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/ Source: TODAY
By Scott Stump

Dan Gasby says he believes race plays a role in the backlash he received after revealing that he is in a relationship with another woman while caring for his ailing wife, model and restaurateur B. Smith, who has Alzheimer's disease.

Gasby, 64, who is African-American, revealed in December that he and Alex Lerner, 53, who is white, were in a romantic relationship, sparking an angry response from B. Smith fans. Gasby said he has even received death threats.

"The 800-pound gorilla in this situation is she's white,'' Gasby told Al Roker on TODAY Wednesday.

"In other words, if Alex were black, you don't think that..." Al said.

"Nah,'' Gasby said. "Not at all. I'm not supposed to be conscripted to somebody because of their race."

Gasby also responded to criticism about why he made his relationship with Lerner public rather than just keeping it private as he cares for his 69-year-old wife, who was diagnosed in 2013 with early-onset Alzheimer's disease.

Dan Gasby and girlfriend Alex Lerner spoke with Al Roker about their relationship and caring for his wife, B. Smith, who has Alzheimer's disease. TODAY

"Because that's what Barbara asked me to do, to talk about it,'' he said. "It spun out of control to 'I'm having an affair. This woman, because of who she is, is taking B's money. We're abusing B. B wouldn't want this.' These people have never even talked to B."

Gasby and his wife - whose full name is Barbara Smith - spent the time after her diagnosis spreading awareness of the disease and speaking about the challenges of living with it. B. Smith is a former fashion model who had a nationally-syndicated television show, "B. Smith With Style," owned multiple restaurants, and frequently appeared as a guest on TODAY.

Her initial diagnosis was a crushing blow for the couple, who are going on 27 years of marriage.

"It was like chewing glass,'' Gasby said. "She said to me one day, 'Dan, I feel broken, like there's something not right.' And then I started to notice things were becoming more repetitive. I had an inkling, but I wouldn't believe that it could be something as devastating, as catastrophic, as Alzheimer's."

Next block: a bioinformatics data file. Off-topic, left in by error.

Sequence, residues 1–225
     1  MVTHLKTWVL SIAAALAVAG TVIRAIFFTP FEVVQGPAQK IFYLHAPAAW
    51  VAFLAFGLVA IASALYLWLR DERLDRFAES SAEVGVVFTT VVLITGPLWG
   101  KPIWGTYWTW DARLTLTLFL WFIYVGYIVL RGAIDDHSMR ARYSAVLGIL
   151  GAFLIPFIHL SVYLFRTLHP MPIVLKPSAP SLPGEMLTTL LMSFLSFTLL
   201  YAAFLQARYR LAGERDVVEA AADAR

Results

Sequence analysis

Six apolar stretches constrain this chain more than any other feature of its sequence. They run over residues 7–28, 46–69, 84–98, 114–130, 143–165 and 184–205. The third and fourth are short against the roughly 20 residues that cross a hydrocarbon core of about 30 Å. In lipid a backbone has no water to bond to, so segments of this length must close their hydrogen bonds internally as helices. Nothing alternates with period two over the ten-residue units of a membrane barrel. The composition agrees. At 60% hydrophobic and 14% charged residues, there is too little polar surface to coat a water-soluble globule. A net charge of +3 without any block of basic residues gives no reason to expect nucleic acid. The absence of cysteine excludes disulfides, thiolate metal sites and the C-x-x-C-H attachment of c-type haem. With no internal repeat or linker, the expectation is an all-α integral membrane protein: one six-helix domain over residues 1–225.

Gasby said he fought depression and loneliness in the years following his wife's diagnosis until he met Lerner, who was caring for her dying father, who also had Alzheimer's disease.

"Taking care of someone like B, even having someone who is taking care of her periodically...the weight of every minute of the day is a blanket on you,'' he said. "And (Lerner) was funny. The most important thing, she was kind. And we became friends, and that friendship got closer and closer."

Lerner admitted she was hesitant to enter in a relationship with Gasby given the circumstances.

"But after a while, I understood, or it seemed to me, as if I had met a man who has a child,'' Lerner said on TODAY. "In a sense that B. is now very child-like. And his responsibilities are almost those of a single father. Like, really being there 24/7. Taking care of every and all of her needs."

Lerner has also developed a relationship with Smith as she helps care for her at Gasby and Smith's home in East Hampton, New York.

"We find ways to laugh together and find joy in taking walks or doing things together,'' Lerner said. "I would almost say that it's like sisters. It's a very sweet feeling."

Gasby's daughter, Dana, 32, who is from a previous relationship, spoke about her feelings toward her father's relationship with Lerner.

"Why shouldn't my dad have companionship? Why shouldn't he have someone to talk to?'' she said. "For the first few years, it was just me and him, and it's hard. I'm not his wife, I'm his daughter. I can't give him the support that a girlfriend, a friend, a companion can give.

"I am beyond happy for them. I'm more pissed at the people complaining about them. My life, my family, my stepmom isn't a trending topic. My stepmom is dying, plain and simple."

Gasby has no plans to move Smith to a facility, preferring to care for her at home with help from Lerner and his daughter. Gasby and Lerner have also started the "Thank You Dan and Alex" podcast to help educate others about Alzheimer's disease.

"I want people to know that we are in a very caring and loving relationship with B.,'' Lerner said. "Having met Dan, I knew that there would be no Dan without B. We make sure that she has the best care possible.

"It has opened a much larger conversation that we all need to have. You know, that is uncomfortable."

"I always joke, we're like a derivation of 'This Is Us' and 'Modern Family,''' Gasby said. "That's what we are."